President Oscar A. Anderson (1963-1980) continued Augsburg’s emphasis on involvement with the city. He wanted to reach out to nontraditional student populations, ensuring educational opportunity for all people. During his years of leadership the College became a vital and integral part of the city. Also in these years, Augsburg added the Music Hall, Mortensen Hall, Urness Hall, the Christensen Center, Ice Arena, and Murphy Place.

Dr. Charles S. Anderson led the College from 1980 to 1997. He guided Augsburg’s commitment to liberal arts education, spiritual growth and freedom, diversity in enrollment and programs, and a curriculum that draws on the resources of the city as extensions of campus and classroom.

Some of the accomplishments during his tenure include instituting two graduate degree programs, hosting national and international figures at College-sponsored forums and events, increasing accessibility, and the addition of the Foss Center for Worship, Drama, and Communication; the Oscar Anderson Residence Hall; and the James G. Lindell Family Library.

Dr. William V. Frame became president in August 1997. Under his leadership, the College has sharpened its identity as a college of the city, providing an education grounded in vocational calling, that provides students both the theoretical learning and the practical experience to succeed in a global, diverse world.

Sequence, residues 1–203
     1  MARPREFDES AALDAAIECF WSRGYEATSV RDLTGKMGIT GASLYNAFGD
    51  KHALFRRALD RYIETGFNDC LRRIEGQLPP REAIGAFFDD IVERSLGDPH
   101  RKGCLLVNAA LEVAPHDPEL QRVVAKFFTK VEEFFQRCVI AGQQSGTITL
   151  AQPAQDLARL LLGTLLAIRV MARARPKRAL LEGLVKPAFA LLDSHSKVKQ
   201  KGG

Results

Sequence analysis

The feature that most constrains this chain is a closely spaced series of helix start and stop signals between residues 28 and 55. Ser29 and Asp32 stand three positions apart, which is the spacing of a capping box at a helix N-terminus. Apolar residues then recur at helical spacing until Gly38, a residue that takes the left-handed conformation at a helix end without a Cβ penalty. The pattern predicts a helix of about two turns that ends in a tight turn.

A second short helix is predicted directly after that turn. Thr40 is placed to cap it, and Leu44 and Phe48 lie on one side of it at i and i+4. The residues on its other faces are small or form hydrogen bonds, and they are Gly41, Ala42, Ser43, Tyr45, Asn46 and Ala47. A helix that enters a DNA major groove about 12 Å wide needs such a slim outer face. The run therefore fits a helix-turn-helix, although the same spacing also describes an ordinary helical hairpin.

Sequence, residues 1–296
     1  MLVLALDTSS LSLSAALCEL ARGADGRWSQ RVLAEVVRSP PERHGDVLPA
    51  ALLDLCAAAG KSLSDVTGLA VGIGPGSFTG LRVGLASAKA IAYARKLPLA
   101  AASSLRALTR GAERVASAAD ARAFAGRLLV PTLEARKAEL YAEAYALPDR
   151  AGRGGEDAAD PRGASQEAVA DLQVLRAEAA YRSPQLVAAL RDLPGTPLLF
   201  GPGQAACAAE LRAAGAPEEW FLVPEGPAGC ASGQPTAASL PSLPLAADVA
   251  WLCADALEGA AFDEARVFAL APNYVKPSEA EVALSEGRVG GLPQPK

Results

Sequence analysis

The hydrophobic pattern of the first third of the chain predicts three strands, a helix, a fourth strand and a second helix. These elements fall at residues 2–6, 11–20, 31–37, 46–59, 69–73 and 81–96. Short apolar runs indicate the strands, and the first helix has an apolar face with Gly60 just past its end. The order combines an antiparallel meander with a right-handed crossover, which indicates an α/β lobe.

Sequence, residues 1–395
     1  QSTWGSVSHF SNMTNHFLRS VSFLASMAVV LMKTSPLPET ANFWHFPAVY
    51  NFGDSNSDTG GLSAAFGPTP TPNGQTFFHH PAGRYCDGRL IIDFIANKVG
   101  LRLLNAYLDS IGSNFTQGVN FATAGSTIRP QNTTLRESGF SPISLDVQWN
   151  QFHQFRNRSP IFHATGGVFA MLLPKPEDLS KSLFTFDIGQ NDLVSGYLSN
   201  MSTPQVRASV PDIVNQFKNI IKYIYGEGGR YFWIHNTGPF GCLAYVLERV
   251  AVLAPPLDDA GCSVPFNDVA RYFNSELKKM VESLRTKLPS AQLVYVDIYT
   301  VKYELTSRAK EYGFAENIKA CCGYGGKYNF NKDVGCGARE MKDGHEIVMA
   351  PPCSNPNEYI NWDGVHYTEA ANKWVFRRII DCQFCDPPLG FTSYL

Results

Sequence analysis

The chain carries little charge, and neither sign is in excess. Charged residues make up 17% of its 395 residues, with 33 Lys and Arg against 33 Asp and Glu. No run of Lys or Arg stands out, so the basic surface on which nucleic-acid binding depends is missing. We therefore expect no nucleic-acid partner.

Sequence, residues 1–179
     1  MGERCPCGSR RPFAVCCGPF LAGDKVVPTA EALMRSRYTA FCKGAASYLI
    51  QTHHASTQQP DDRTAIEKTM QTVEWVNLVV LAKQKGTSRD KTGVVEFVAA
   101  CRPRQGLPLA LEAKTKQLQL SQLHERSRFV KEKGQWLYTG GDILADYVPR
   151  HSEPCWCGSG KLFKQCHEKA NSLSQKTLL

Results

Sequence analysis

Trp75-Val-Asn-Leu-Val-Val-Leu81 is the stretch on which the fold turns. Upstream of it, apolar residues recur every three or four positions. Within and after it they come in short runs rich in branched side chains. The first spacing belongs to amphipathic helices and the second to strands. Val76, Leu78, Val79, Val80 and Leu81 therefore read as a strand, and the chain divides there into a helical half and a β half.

Dr. Paul C. Pribbenow became president in 2006. His articulation of a powerful but simple vision for the College—”We believe We are Called to Serve Our Neighbor”—strengthens Augsburg’s institutional calling and reinforces the College’s commitments to global perspectives, living faith, active citizenship, and meaningful work.

Augsburg Today

Augsburg continues to reflect the commitment and dedication of the founders who believed:

  • An Augsburg education should be preparation for service in community and church;
  • Education should have a solid liberal arts core with a practical dimension in order to send out productive, creative, and successful citizens;
  • The city—with all its excitement, challenges, and diversity—is an unequaled learning laboratory for Augsburg students.

Augsburg is a quality liberal arts institution set in the heart of a great metropolitan center. There are approximately 24,000 Augsburg alumni. In a world that has changed much since those first days of the College, Augsburg still sends out graduates who make a difference where they live and work.

Augsburg University Archives at Lindell Library